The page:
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What is the Difference Between Compliance and Quality Assurance?

When you run a small business it can be difficult to know what all your legal obligations are, and how they fit in with everything else needed to run your business. Take compliance and quality assurance, for example; you may have heard about them, but do you know what they actually mean?

What is compliance?

There are many laws, regulations and guidelines in Australia that govern how you run your business—like the Corporations Act 2001 (Cth). They outline specific things you’re required to do if you run a business. These obligations are all called compliance.

If you’re a small business that is registered as a company, there are some specific compliance obligations that are overseen by the Australian Securities Institute of Australia (ASIC). These compliance obligations include:

  • registering your company name with ASIC and displaying it wherever you operate your business
  • having an Australian Company Number
  • having a registered office in Australia
  • telling ASIC the name, date of birth and address of each of your directors, and letting ASIC know if these change
  • keeping a register of your members (or shareholders) up to date
  • keeping minutes of your directors’ meetings
  • keeping your financial and business records up to date.

If you’re also a member of an industry body, like CPA Australia or the Financial Planning Association of Australia, they may also have codes of conduct and specific requirements that you must abide by to continue to be a member. These would also fall under the banner of compliance.

If you don’t meet your compliance obligations, in some circumstances, you may face penalties and possibly even criminal action.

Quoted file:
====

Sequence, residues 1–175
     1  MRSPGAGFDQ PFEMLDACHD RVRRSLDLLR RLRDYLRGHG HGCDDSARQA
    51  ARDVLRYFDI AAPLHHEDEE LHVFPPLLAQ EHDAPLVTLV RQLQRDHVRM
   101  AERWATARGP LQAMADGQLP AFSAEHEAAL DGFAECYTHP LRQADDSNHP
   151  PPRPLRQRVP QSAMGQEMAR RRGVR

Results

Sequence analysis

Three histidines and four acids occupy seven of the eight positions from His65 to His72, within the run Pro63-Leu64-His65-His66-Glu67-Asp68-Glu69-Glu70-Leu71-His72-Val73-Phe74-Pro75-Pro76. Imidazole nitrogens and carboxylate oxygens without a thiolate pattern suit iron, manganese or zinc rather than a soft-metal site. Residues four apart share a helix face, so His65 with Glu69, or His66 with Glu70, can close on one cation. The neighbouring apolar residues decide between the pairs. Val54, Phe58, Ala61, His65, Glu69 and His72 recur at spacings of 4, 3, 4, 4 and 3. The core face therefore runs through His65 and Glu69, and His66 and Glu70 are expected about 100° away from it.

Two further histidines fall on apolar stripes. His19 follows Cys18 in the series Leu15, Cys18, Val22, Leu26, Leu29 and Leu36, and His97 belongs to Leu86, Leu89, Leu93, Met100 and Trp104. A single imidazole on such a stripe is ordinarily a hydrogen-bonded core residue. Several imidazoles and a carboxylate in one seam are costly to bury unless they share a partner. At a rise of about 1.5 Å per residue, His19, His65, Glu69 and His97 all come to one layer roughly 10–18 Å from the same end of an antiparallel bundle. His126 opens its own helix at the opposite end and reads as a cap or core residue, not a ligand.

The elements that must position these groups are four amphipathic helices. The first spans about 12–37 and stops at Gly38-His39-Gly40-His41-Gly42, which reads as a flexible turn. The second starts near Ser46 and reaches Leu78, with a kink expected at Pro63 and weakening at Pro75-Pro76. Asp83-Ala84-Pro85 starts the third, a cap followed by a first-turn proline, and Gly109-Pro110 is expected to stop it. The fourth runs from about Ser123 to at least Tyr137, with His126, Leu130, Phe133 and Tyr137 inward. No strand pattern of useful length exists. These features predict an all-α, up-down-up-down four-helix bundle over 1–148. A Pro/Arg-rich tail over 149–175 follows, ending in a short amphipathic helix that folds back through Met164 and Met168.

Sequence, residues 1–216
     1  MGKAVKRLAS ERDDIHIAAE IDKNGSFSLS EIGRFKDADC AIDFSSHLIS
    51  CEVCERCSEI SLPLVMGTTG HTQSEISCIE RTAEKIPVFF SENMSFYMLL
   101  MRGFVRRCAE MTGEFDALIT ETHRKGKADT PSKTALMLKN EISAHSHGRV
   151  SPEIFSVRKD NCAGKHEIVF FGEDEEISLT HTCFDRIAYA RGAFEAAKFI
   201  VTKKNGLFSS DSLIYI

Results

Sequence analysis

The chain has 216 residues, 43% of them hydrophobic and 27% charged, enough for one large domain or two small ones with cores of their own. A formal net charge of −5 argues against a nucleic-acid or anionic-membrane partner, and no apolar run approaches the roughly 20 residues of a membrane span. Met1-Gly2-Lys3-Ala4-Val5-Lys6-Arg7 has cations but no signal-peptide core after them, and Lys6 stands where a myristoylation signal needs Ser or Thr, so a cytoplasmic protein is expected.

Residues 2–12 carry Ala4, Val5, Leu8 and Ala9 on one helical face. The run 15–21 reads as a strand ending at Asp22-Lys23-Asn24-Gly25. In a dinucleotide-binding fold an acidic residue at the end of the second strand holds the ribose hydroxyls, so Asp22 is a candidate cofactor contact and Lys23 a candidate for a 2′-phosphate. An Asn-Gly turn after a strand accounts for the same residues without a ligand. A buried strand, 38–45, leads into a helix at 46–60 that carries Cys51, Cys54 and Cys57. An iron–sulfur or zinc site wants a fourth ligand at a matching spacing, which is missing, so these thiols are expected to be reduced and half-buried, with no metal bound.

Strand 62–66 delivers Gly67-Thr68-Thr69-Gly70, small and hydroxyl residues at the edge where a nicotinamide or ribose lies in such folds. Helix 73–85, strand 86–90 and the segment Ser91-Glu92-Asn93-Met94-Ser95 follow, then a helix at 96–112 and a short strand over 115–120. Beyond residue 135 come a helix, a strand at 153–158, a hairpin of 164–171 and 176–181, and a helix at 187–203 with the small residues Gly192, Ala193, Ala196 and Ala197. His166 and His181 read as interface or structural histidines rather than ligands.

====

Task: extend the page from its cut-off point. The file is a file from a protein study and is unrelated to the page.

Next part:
How does quality assurance differ from compliance?

It can be overwhelming trying to keep track of all your company’s compliance obligations. That’s why many businesses put in place programs to make sure they can meet their obligations and identify any potential breaches of law, regulations or standards. These programs are often called quality assurance or quality control.

Quality assurance may include documenting your processes, having a specific organisational structure, or putting in place policies that guide how your business operates. These give your business a systematic approach to meeting its professional and legal requirements.

While every business is different, there are some general standards that businesses can be certified in, as developed by the International Organisation for Standardization (ISO). Although not always essential, following the ISO processes can bring trust and confidence to your staff and clients.

Putting in place quality assurance measures can benefit your business by:

  • ensuring you identify potential compliance issues and resolve them quickly
  • reducing your risk of missing any compliance obligations
  • improving how your business is run and giving your employees more certainty over how to do their job
  • reducing your risk if your business is subject to any legal issues or claims
  • increasing the efficiency of your business because you will be spending less time working out how to do things or fixing mistakes.

Quality assurance is part of running a well-managed business.